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R8

R8

STW 44/3/6 Annex, page 158 solid bulk material with associated chemical hazards states that the Protocol covers pollution incidents or a threat of a pollution incident from Hazardous and Noxious Substances (HNS), such as a discharge, release or emission of HNS including those from fire or explosions, which pose or may pose a threat to the marine environment, or coastline, and therefore, require emergency action or an immediate response OPA 90 (0.5 hour) explains the contents and purpose of OPA 90 U.S legislations (0.5 hour) explains National Pollutant Discharge Elimination system (NPDES) of the U.S. Clean Water Act explains the Ocean Dumping Act (ODA) 4.1.2 ANTIPOLLUTION PROCEDURES AND ALL ASSOCIATED EQUIPMENT Textbooks: Teaching aids: A1, A3, V18, V19, V20, V21, V22, V23, V25, V26, V27, V28, V29, V30, V31, V32, V33, V34, V35, V36, V37, V38, V39, V40, V41, V42, V43, V44, V45, V46, V50, V51, V52, V54, V55, V56, V64 Required performance: 2.1 Control of discharge of oil (2 hours) explains the control of discharge of oil as stated in Regulation 9 of MARPOL 73/78 explains Particularly Sensitive Sea Areas (PSSA) explains methods for prevention of oil pollution and discharge provisions for oil and oily waste from machinery spaces outside special areas and within special areas explains bilge water holding tank explains Oily water separator explains Oil discharge monitoring and control system and oil filtering equipment as stated in Regulation 16 of MARPOL 73/78 explains in brief the prevention of oil pollution as stated in Regulation 13F in the event of collision or stranding and Regulation 13G in the event of collision or stranding Measures for existing tankers of MARPOL 73/78 explains the retention of oil on board as stated in Regulation 15 of MARPOL 73/78 2.2 Oil Record Book (Part I - Machinery Space Operations and Part II Cargo/Ballast Operations) (1 hour)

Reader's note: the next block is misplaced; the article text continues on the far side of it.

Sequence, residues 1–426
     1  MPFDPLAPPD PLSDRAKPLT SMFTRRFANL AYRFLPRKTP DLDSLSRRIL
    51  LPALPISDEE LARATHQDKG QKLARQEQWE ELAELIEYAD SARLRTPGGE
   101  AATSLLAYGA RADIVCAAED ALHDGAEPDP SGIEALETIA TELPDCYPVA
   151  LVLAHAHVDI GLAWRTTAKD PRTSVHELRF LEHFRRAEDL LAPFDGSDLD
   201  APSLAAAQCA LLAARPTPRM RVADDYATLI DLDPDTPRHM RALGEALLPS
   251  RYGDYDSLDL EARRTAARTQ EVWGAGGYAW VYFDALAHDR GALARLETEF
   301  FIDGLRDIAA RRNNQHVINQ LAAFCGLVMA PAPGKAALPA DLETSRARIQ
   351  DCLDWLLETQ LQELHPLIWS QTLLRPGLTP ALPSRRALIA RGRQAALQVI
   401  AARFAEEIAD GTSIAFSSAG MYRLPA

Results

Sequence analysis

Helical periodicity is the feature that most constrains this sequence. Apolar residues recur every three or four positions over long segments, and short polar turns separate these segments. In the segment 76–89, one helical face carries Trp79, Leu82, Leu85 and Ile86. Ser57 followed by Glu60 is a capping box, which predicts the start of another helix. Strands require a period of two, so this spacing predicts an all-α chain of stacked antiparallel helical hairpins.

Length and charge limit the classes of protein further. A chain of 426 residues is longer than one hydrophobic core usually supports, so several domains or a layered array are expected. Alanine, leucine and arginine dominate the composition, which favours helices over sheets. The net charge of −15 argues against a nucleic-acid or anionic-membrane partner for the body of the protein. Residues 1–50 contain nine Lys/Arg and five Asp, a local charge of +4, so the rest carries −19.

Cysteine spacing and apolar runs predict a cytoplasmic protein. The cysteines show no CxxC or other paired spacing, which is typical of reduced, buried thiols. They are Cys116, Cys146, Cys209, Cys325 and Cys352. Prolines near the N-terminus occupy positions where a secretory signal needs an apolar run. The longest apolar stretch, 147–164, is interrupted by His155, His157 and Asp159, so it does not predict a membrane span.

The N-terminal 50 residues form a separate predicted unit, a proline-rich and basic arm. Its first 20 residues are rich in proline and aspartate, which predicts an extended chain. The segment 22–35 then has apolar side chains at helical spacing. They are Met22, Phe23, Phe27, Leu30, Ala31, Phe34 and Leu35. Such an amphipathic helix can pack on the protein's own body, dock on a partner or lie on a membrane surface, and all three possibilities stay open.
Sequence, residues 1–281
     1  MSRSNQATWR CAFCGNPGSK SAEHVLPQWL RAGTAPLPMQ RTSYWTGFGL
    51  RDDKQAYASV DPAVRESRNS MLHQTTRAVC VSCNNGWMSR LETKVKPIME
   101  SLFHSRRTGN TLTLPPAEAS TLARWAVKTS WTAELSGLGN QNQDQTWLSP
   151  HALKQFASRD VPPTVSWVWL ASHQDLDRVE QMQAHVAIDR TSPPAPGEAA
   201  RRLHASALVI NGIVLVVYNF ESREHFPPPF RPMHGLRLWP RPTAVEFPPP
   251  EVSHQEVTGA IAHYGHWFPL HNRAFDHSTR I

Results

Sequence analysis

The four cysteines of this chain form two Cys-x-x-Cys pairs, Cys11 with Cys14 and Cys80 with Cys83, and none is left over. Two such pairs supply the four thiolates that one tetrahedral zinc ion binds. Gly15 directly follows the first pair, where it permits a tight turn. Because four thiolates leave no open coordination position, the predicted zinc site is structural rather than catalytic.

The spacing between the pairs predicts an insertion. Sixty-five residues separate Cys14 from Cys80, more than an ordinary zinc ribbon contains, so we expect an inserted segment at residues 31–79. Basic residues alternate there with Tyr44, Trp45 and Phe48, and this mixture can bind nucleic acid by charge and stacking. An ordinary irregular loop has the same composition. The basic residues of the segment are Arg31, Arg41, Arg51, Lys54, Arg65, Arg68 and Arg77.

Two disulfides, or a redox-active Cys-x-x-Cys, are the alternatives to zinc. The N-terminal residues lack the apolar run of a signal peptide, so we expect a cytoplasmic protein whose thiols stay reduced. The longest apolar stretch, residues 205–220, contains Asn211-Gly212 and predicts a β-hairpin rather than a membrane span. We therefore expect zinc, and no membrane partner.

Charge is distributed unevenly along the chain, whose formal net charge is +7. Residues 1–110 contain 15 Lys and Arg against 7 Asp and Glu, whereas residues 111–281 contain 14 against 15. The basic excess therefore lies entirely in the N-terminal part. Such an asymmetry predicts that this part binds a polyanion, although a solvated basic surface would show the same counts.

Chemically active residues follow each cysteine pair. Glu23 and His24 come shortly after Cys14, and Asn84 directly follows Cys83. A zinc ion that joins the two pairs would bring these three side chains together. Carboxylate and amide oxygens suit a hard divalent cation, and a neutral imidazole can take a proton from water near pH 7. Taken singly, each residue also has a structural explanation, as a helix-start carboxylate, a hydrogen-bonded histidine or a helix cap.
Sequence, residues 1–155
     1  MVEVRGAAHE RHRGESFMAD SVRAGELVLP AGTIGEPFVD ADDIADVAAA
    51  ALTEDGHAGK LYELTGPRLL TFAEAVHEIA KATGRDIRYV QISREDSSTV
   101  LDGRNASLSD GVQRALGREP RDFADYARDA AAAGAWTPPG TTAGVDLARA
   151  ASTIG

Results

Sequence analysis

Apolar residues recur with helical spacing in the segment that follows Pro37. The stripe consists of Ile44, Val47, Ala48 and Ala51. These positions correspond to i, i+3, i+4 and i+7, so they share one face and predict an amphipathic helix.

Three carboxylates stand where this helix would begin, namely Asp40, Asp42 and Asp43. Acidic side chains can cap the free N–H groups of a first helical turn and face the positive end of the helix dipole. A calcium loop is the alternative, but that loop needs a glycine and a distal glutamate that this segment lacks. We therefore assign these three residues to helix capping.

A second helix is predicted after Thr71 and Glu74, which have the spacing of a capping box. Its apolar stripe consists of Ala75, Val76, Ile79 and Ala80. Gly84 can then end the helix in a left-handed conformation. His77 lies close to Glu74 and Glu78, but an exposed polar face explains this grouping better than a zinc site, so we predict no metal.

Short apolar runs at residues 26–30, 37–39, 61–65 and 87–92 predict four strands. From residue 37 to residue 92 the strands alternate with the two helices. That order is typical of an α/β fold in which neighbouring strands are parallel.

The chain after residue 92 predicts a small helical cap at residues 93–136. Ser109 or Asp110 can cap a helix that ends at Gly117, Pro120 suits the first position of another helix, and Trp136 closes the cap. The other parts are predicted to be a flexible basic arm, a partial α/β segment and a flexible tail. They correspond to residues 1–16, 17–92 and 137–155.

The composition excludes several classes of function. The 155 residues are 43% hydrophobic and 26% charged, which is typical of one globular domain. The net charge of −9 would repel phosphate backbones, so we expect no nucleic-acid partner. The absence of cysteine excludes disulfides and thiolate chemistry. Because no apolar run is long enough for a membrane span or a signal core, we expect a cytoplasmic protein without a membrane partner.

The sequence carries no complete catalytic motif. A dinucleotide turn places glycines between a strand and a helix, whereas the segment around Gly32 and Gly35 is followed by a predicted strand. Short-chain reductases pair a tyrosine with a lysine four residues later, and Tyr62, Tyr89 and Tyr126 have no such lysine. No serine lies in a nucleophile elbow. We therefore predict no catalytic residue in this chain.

describes the requirements for the provision of Oil Record Books, which is, Oil tankers of 150 tons GT and every ship of 400 tons of GT and above other than an oil tanker to carry an Oil Record Book Part I (Machinery Space Operations) describes that every oil tanker of 150 tons GT and above shall also be provided with an Oil Record Book Part II (Cargo/Ballast Operations) describes the various operation when the Oil Record Book has to be completed lists the various entries that needs to be made in the Oil Record Book with respect to above for following operations: